I have previously mentioned Sarcococca hookeriana var. humilis (sweet or Christmas box), thought to be the most cold-hardy sarcococca, in this column. It makes a creeping groundcover, with inconspicuous, fragrant flowers in early spring. S. confusa, a slightly taller and less hardy species thought to be even more fragrant, is a good substitute for the sometimes funereal cherry laurel. It is more cold-hardy than it is given credit for, 6A-9B.
Danae racemosa (Alexandrian laurel) is “an elegant, refined… slow-suckering shrub that grows 2 to 4’ high and wide in shady spots with even moisture. The habit is gracefully arching…glossy green leaves are handsome throughout the year.” (Dirr) The fleshy orange-red fruits persist into winter and are attractive. Hardy from 6A-9B.
In the garden
Check for damaged branches, particularly on evergreen plants such as hollies and inkberries, prone to holding onto their snow and ice loads, maybe because they are often planted in shaded locations on north sides of buildings. Trim away as cleanly as possible and remember to make undercuts on larger branches.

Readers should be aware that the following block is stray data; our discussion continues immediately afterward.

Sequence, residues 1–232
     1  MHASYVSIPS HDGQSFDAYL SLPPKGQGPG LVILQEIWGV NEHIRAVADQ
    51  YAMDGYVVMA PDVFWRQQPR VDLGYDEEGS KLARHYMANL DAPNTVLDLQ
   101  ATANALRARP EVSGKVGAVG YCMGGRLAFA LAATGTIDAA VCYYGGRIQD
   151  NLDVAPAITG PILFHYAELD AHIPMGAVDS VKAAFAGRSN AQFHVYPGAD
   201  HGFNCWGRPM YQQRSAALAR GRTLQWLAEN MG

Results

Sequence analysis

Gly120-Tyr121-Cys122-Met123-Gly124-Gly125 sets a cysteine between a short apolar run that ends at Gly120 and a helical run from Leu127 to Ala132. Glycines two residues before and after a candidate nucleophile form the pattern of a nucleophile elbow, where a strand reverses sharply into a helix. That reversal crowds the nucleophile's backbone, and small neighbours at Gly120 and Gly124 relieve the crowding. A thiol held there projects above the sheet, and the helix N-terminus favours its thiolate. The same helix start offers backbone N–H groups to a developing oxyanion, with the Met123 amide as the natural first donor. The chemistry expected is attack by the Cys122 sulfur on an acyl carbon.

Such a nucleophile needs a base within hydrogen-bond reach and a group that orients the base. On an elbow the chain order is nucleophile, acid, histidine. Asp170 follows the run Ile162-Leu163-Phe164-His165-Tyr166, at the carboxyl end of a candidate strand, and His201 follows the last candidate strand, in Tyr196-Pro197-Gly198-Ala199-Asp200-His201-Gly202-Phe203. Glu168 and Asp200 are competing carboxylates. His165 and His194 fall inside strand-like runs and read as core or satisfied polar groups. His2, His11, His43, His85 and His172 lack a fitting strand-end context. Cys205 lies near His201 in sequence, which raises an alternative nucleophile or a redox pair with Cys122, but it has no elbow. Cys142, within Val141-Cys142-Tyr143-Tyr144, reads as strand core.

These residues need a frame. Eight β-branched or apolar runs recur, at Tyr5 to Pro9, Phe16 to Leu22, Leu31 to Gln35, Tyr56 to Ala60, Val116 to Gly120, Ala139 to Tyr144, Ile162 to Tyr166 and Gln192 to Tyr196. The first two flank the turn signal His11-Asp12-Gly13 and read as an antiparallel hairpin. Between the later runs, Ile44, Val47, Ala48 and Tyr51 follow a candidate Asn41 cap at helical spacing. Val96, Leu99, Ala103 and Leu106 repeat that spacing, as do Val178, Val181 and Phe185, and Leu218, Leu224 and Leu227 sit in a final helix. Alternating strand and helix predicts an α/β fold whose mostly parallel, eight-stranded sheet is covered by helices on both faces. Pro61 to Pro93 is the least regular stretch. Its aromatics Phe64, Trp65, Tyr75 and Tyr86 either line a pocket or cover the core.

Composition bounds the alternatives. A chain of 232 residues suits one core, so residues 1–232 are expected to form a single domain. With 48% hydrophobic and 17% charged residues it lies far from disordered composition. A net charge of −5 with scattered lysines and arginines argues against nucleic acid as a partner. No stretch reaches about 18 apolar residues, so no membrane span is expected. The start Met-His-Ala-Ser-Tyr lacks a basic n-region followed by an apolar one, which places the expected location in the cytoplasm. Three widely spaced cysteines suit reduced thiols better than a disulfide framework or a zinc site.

It is time to gear up for seed sowing and acquiring supplies – trays, modules, etc. – especially if one plans to shop locally, because selection will suddenly diminish.
However, check cultural directions on packets for time to plant. It is difficult to maintain plants that grow over-large before outdoor planting time arrives, and plant quality diminishes if they are kept overlong in modules.
Avoid seeding in ordinary soil, which carries many pathogens, but instead purchase a fine-textured seed-starting mix that holds moisture and promotes good root development. For organic vegetables, Vermont Compost’s Fort Vee works well as a seed-starting mix.
Shallow flower pots, pie pans, and trays of various sorts are all good for starting small seedlings, which are then transferred individually into their own separate modules. Larger seeds may be sown directly into modules, and those with longer roots do well in Rootrainers, deeper cells, or four-inch plastic pots. Fine seeds as a rule are sown at or near the surface, but all others are covered enough to retain the moisture needed to germinate. Provide light and warmth, preferably from below.